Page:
Transboundary Damage in International Law

By Xue Hanqin | Go to book overview

3 Substantive rules and principles:
issues and problems

As illustrated in the previous chapter, the existing regimes on international liability for accidental damage are limited both in scope and in application. Before considering how their scope and application might be extended, however, a few substantive issues need to be examined.


The question of attribution: State responsibility

In the environmental field, transboundary damage bears directly on State responsibility in two respects. In its broadest sense, “State responsibility” denotes the obligation of States to take responsibility for the prevention, or at least minimization and mitigation, of such damage. In the narrow sense of the term, it refers to the obligation of States to redress or make reparation for damage. On the State level, it is the State government that is answerable to the injured State for any transboundary damage. In practice, it is equally true that private victims can often seek to have their grievances redressed only through representation by their government in all dealings with or actions against the government of the author State. Therefore, as the ultimate players in international relations, States shoulder a general responsibility for transboundary damage.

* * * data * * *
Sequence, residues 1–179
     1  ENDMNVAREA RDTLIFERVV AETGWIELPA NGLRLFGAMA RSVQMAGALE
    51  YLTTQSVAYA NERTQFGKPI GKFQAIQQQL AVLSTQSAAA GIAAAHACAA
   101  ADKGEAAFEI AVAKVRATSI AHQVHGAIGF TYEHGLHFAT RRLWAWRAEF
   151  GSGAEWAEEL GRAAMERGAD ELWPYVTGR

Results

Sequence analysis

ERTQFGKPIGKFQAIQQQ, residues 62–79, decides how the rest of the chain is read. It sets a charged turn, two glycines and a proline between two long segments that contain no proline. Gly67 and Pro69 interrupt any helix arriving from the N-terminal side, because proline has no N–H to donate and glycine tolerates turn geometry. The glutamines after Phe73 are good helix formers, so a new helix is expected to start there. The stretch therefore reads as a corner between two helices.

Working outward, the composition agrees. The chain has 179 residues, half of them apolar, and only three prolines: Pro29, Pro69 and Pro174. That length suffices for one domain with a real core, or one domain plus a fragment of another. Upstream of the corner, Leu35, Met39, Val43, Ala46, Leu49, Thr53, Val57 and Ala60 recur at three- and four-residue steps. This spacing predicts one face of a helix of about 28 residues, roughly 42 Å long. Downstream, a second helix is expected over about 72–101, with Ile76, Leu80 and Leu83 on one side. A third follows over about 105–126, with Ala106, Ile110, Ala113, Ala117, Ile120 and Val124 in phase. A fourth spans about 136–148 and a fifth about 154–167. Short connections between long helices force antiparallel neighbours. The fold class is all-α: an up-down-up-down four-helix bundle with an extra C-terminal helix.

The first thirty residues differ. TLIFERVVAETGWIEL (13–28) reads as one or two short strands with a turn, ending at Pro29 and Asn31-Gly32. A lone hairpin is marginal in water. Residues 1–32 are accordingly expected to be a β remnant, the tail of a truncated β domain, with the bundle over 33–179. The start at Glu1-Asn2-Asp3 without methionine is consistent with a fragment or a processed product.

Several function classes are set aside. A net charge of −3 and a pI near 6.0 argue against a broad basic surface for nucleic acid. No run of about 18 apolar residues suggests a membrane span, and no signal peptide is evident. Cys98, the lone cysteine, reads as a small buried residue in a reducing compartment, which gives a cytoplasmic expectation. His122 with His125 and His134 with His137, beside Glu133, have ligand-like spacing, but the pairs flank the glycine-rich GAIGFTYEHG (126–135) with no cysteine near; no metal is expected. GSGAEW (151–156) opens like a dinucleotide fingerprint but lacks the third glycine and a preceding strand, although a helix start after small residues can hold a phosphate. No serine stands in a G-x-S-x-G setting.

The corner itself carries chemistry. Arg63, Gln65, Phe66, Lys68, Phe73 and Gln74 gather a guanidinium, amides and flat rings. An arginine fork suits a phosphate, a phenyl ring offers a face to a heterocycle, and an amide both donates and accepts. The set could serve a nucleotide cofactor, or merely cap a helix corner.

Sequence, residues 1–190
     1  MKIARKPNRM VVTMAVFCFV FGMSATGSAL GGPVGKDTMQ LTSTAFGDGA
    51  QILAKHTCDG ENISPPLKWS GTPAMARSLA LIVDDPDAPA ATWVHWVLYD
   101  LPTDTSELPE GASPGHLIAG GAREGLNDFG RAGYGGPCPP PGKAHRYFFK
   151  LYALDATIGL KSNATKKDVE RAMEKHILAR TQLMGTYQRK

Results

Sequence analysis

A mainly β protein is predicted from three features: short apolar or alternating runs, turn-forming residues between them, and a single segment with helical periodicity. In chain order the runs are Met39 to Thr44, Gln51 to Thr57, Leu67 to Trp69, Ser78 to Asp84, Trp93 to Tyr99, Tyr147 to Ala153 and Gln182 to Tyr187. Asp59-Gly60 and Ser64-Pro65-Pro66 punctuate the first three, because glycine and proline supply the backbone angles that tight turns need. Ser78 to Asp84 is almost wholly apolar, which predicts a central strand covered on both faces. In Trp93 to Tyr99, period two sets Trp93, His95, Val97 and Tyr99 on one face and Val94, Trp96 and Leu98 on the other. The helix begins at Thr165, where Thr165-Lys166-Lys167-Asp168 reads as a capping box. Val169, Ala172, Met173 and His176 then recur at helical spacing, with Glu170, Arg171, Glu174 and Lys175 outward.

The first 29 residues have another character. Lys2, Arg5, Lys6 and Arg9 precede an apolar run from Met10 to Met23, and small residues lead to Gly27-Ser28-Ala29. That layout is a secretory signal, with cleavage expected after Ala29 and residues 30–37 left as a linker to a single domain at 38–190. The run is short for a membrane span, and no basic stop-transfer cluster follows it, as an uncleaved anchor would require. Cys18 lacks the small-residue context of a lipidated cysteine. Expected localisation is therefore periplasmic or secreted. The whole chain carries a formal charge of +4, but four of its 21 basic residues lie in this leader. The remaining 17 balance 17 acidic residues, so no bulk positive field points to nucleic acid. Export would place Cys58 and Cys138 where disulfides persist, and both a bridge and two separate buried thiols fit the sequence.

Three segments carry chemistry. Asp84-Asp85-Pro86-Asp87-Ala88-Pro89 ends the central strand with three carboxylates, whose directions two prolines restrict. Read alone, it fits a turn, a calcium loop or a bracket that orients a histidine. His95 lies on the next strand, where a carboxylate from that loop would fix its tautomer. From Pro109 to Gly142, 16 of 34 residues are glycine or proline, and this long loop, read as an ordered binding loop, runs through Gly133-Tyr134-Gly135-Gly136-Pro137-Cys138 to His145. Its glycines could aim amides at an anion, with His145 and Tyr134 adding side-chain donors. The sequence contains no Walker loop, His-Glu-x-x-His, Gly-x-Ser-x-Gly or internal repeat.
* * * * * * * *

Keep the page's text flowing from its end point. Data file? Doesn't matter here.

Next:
Under the general rules of State responsibility, a State is only responsible for acts or omissions that are attributable to it. Under the terms of the ILC’s Articles on State Responsibility:1

1 Articles on Responsibility of States for Internationally Wrongful Acts, 2001, annexed to GA Resolution 56/83, December 12, 2001 (hereinafter “Articles on State Responsibility”), Article 2. The text and commentaries are conveniently set out in James Crawford, The International Law Commission’s Articles on State Responsibility: Introduction, Text and Commentaries (Cambridge, CUP, 2002).

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Transboundary Damage in International Law
Table of contents

Table of contents

  • Cambridge Studies in International and Comparative Law ii
  • Title Page iii
  • Contents v
  • Foreword ix
  • Preface and Acknowledgments xiii
  • List of Treaties xvi
  • List of Cases xxvi
  • Abbreviations xxviii
  • 1- Introduction 1
  • Part I- Accidental Damage 17
  • 2- Liability for Accidental Damage 19
  • 3- Substantive Rules and Principles: Issues and Problems 73
  • Part II- Non-Accidental Damage 111
  • 4- Liability for Non-Accidental Damage 113
  • 5- The Doctrine of Due Diligence and Standards of Conduct 162
  • Part III- Damage to the Global Commons 189
  • 6- Liability for Damage to the Global Commons 191
  • 7- Legal Issues Relating to Damage to the Global Commons 236
  • Part IV- Underlying Principles 267
  • 8- The Nature and Basis of International Liability 269
  • 9- Conclusions 317
  • Bibliography 333
  • Index 356
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